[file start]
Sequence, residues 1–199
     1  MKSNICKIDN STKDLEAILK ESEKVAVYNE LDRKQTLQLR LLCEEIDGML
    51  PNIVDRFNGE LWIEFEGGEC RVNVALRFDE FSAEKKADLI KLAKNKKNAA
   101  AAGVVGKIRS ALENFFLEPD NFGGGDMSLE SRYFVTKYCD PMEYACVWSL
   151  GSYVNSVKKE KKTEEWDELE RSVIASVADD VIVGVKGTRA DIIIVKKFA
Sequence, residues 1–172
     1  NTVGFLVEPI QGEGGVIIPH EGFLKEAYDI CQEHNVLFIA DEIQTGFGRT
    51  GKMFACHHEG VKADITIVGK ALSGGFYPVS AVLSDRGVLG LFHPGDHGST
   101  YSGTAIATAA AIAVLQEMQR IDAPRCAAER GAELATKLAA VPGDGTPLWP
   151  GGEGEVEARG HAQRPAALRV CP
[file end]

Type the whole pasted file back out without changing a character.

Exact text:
Sequence, residues 1–199
     1  MKSNICKIDN STKDLEAILK ESEKVAVYNE LDRKQTLQLR LLCEEIDGML
    51  PNIVDRFNGE LWIEFEGGEC RVNVALRFDE FSAEKKADLI KLAKNKKNAA
   101  AAGVVGKIRS ALENFFLEPD NFGGGDMSLE SRYFVTKYCD PMEYACVWSL
   151  GSYVNSVKKE KKTEEWDELE RSVIASVADD VIVGVKGTRA DIIIVKKFA
Sequence, residues 1–172
     1  NTVGFLVEPI QGEGGVIIPH EGFLKEAYDI CQEHNVLFIA DEIQTGFGRT
    51  GKMFACHHEG VKADITIVGK ALSGGFYPVS AVLSDRGVLG LFHPGDHGST
   101  YSGTAIATAA AIAVLQEMQR IDAPRCAAER GAELATKLAA VPGDGTPLWP
   151  GGEGEVEARG HAQRPAALRV CP